COLUMBIA, SC (WIS) - Every year, hundreds of bicyclists are involved in collisions with motor vehicles resulting in injury or even death.
In 2012, 726 people were killed while riding bicycles, tricycles and unicycles, according to the National Highway Traffic Association.
On Wednesday, more than 160 cyclists took part in the Midlands Ride of Silence in honor of the victims.
The group of cyclists has more in common than just a love of pedaling.
"I would be willing to say that over 95 percent of the people here will be wearing black armbands," said Tom Malson, organizer of the Midlands Ride of Silence.
Each band is a sign of a story.
Black bands mean the cyclist knows someone who was hit or killed.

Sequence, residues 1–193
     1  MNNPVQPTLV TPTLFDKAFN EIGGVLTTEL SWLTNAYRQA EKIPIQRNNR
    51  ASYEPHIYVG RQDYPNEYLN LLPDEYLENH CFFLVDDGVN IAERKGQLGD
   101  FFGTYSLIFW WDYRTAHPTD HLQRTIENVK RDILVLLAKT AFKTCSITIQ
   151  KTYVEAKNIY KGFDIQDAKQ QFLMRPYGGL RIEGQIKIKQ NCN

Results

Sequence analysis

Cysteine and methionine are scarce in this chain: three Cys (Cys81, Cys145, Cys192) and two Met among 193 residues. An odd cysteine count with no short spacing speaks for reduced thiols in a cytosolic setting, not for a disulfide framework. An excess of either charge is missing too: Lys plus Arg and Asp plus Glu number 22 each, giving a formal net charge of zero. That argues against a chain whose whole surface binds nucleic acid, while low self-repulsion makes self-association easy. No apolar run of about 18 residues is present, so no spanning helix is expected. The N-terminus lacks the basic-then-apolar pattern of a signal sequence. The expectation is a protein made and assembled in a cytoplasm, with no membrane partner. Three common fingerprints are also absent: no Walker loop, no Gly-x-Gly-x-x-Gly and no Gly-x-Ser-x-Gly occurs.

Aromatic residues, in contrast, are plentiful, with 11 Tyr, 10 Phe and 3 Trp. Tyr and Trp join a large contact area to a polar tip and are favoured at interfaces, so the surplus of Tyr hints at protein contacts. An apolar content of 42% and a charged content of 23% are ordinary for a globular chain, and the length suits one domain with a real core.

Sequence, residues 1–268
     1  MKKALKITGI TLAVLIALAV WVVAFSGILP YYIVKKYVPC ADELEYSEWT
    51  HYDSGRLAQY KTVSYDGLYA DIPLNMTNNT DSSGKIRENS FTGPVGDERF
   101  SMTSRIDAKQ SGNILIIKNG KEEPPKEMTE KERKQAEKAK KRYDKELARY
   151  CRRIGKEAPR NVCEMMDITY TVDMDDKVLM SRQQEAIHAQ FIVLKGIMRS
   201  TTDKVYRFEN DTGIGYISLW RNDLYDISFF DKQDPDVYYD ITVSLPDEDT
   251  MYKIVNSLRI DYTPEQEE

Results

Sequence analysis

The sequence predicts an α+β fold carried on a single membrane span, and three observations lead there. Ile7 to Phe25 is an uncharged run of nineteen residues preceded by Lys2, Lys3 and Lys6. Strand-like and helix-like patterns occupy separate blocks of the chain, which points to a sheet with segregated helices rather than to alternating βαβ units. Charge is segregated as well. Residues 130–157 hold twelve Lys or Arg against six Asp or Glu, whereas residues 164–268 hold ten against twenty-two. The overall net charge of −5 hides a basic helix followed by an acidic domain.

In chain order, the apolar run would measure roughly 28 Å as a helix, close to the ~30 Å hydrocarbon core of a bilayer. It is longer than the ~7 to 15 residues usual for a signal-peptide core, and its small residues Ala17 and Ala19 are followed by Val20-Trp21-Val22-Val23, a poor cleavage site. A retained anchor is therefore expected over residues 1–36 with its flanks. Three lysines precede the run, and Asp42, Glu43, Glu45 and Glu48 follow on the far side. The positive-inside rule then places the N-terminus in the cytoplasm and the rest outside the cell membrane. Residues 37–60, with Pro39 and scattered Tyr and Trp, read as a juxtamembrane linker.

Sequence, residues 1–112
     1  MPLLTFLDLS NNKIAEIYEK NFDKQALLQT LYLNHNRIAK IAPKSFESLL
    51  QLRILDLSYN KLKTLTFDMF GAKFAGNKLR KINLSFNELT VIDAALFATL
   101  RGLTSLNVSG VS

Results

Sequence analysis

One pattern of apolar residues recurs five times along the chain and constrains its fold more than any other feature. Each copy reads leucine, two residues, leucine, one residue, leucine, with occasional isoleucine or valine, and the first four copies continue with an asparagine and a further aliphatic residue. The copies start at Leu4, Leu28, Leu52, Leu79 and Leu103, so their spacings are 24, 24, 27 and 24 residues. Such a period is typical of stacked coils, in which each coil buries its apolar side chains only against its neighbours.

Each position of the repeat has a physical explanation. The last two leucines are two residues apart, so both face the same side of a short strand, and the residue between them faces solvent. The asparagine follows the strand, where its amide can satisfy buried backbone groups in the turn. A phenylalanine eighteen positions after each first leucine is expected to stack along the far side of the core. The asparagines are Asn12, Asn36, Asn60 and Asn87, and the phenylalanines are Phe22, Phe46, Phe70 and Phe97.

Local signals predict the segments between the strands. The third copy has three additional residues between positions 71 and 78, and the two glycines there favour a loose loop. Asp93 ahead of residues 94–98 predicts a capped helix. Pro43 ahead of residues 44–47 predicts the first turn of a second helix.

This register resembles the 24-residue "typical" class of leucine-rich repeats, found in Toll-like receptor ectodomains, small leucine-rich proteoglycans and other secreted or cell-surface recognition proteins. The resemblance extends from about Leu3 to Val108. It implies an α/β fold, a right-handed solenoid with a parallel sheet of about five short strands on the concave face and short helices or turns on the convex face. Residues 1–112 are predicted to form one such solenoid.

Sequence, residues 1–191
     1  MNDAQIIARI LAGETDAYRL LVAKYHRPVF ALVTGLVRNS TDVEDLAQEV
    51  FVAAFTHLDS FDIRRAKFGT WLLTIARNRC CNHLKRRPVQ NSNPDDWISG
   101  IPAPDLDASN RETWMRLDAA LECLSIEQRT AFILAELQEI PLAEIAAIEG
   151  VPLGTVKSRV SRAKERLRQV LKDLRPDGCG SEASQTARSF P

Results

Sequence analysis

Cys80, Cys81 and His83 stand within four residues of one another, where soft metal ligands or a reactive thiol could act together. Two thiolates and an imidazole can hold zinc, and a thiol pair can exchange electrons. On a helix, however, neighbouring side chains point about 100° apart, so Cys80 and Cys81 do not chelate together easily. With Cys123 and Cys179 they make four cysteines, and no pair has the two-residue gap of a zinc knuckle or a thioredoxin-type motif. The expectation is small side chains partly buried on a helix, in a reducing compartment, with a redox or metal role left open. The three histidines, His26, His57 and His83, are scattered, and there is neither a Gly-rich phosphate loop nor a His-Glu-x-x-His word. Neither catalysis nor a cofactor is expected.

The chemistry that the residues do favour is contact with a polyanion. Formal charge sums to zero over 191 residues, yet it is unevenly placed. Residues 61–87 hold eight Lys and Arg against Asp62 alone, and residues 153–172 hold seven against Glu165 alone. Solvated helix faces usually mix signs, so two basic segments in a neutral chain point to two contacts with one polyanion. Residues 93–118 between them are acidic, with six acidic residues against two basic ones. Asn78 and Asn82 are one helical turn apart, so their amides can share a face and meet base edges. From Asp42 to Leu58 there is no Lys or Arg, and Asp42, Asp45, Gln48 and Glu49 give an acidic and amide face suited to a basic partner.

"The red armband represents if you have personally been hit," said Malson.
Some people wear both.
"I was hit when I was 15-years-old," said Malson. "A friend of mine, a customer, was hit and killed while doing a charity bike ride in 2007."
Malson was not injured in his accident. He said a car pulled out and didn't see him. He ended up flipping over the hood.
Phil Creel, president of Carolina Cyclers Bike Club, wasn't so lucky when he was hit. He broke his collarbone and had some bad scrapes and cuts.
"I was hit and I've been on rides where people have been seriously injured and killed," said Creel.
The cyclists ride two-by-two, and don't say a word during the route.
"Nobody talks," said Malson. "It's incredibly powerful."
The event is about remembering the victims and raising awareness.
"Hopefully making a statement to the community that this is something significant and people have to be careful and have to share the road," said Creel.
More than 350 cities in America and 30 countries hosted Ride of Silence events.
This was the 11th year for the world-wide event.